Since ancient times, people have used plants to heal themselves. Frescos dating to 1500 or 1600 B.C. found on a Greek island are said to depict a goddess cultivating saffron for medicinal use. Today, using plants to treat disease is widespread in most cultures. And did you know that many herbal remedies can be found in your garden? Check out our list of common remedies that may have you reconsidering what’s a weed.
Editor’s note: Just like prescription drugs, plants can cause adverse side effects. Always consult a medical professional before taking any medications, including herbal remedies.
Dandelions — yes, the hated weeds — can be a diuretic. They also contain potassium,which experts say is lost through excessive urination. Some apply it topically to treat eczema, while others take it internally for arthritis and even intestinal disorders. Its leaves are thought to regulate blood sugar levels.
Rosemary, native to the Mediterranean region, is part of the mint family Lamiaceae. A recent study found that the carnosic acid in rosemary may reduce the risk of Alzheimer’s disease. The oil in its flowers is antibacterial and anti-fungal. It improves circulation to the brain, which is why it has often been associated with “remembrance.”
Lavender comes from the Latin root lavare, which means “to wash.” While lavender is well-known for its fragrance, it also has anti-inflammatory and antiseptic properties. In ancient Greece, Rome and the Middle East, lavender was used as an antiseptic. Through the ages, it has also been used to treat anxiety, migraines, insomnia and depression.
The clear gel from an aloe vera plant has been used for centuries to treat burns, cuts and skin infections. Experts note that it may have properties to reduce skin inflammation. But aloe vera can also help relieve constipation. As the Mayo Clinicpoints out, “dried latex from the inner lining of the leaf has traditionally been used as an oral laxative.” Some also use it to treat heartburn and irritable bowel syndrome.
Lemon thyme has been used as a digestive aid for children with upset tummies. It also works as an antibiotic and has been used for centuries to treat wounds. It has also been used as an anti-fungal against toenail problems. And if you pick up a bottle of mouthwash, check the label. Thymol, one of the main active ingredients, is a derivative of thyme.
Celery seed extract has been shown to reduce blood pressure in animal studies. It also functions as a diuretic and can be used to treat psoriasis. However, large amounts might cause photodermatitis, so herbalists urge caution with its use. The essential oil of celery seed is known to have a “sedative and anticonvulsant effect.”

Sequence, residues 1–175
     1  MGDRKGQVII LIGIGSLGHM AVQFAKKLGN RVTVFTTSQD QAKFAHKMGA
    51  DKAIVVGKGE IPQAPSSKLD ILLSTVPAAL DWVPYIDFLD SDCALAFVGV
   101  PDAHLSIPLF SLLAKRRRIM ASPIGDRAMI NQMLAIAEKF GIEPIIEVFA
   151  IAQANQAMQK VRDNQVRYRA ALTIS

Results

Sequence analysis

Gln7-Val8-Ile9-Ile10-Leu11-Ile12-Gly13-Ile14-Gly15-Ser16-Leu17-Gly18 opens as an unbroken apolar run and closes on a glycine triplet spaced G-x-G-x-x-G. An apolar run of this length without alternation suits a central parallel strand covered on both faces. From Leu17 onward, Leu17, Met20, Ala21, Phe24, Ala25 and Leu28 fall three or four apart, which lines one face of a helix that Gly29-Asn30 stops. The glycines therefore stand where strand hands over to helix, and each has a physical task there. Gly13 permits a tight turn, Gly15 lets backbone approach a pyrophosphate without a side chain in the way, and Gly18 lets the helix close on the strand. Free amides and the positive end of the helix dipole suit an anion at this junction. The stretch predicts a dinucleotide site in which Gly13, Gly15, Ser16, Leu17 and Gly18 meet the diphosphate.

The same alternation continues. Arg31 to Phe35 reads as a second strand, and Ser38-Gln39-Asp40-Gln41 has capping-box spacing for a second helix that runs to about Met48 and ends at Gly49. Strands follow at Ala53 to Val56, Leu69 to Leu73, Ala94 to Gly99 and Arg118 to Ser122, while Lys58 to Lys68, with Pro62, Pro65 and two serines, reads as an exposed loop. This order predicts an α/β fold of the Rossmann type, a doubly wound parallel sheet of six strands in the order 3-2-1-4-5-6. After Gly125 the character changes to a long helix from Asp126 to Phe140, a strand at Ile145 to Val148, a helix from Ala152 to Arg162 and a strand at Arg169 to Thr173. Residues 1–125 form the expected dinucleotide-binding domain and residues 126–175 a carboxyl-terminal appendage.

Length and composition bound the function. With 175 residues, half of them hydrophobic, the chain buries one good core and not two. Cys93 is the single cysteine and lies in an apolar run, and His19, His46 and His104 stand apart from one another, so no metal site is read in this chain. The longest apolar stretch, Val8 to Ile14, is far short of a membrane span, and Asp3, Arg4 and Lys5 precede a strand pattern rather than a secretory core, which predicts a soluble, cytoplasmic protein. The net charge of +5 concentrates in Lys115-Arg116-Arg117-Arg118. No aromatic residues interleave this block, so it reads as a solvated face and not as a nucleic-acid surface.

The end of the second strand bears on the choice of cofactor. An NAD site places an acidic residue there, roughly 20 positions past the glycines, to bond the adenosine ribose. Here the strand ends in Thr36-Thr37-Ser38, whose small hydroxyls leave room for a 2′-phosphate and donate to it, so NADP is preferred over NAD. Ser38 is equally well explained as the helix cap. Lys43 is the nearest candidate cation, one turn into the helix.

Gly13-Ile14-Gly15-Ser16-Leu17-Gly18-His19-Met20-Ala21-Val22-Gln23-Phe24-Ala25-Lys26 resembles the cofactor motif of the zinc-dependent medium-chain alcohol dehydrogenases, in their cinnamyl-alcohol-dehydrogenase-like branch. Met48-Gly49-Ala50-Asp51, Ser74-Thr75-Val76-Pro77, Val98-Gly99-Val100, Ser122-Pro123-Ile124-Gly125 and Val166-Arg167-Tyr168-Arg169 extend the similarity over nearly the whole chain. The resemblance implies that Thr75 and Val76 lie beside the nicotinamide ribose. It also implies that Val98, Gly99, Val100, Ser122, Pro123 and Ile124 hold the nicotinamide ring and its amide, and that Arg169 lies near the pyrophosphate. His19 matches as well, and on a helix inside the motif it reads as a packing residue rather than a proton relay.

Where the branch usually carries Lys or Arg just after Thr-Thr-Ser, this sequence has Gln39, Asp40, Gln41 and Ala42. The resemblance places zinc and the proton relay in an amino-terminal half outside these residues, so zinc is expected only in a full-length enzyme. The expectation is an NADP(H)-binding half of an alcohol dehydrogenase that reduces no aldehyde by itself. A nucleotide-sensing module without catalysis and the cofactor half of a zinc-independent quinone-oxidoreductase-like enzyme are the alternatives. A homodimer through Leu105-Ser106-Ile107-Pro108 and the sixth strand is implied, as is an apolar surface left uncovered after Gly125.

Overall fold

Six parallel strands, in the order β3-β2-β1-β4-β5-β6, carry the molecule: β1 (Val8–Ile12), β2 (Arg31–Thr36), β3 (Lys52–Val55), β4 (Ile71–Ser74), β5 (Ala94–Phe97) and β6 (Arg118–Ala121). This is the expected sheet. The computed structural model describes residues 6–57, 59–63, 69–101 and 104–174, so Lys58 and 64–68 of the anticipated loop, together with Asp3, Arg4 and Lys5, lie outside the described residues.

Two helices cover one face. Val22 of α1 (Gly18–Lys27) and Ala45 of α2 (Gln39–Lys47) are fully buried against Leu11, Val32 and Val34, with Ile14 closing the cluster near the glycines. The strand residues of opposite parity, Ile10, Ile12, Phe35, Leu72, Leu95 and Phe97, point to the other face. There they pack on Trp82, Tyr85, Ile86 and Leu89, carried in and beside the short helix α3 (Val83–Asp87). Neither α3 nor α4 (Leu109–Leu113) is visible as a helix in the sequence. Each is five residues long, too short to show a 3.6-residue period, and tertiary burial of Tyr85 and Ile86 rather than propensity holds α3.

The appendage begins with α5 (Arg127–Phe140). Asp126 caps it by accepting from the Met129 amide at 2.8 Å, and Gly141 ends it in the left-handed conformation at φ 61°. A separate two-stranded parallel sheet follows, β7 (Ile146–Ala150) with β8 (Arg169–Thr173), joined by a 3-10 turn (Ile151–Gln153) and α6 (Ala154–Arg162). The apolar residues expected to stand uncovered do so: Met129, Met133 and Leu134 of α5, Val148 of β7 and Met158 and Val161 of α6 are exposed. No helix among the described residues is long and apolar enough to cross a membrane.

As the Massachusetts Medical Society Gardens notes, “a tea made from the leaves is an astringent, a diuretic, an expectorant and an agent to reduce fever.” Because of these properties, sunflowers have been used to treat all sorts of colds and coughs. It can also extract toxic ingredients from the soil and was used by the Russian government to help clean up after the Chernobyl disaster.
Peppermint is known to soothe headaches, skin irritations, nausea, pain, diarrhea and flatulence. Because it calms the stomach, it can aid indigestion. Is there anything this minty plant can’t do? Some studies have shown it also has antibacterial and antiviral properties. Preparations made from its leaves can also relieve chest congestion.
Catnip is not just a happy-time elixir for cats. Chewing on catnip leaves can help toothaches. It also makes you sweat, which can lower fevers. It is also known to be a mild sedative to humans. Some people use catnip oil as an insect repellent. Some research suggests that it repels mosquitoes 10 times more effectively than DEET.
Sweet basil an effective insect repellent, but did you know that the early Greeks used its leaves to treat scorpion stings? Ancient Romans used it to “alleviate flatulence, counteract poisonings and to stimulate breast milk production.” Today, a variety called holy basil is used in India to treat stress, diabetes and even asthma. Some studies have shown that it may have antiviral and anticancer properties.
About The Author:
A regular contributor to MNN.com, Katherine Butler has written for NPR’s Pacific Swell, EcoSalon.com, Grist.org, CocoEcoMagazine.com, Greenopolis.com and Greenopia.com. Her work has been featured on CNN.com and Forbes.com. She also writes for the small screen, with credits including Disney Channel’s The Replacements and USA’s In Plain Sight.
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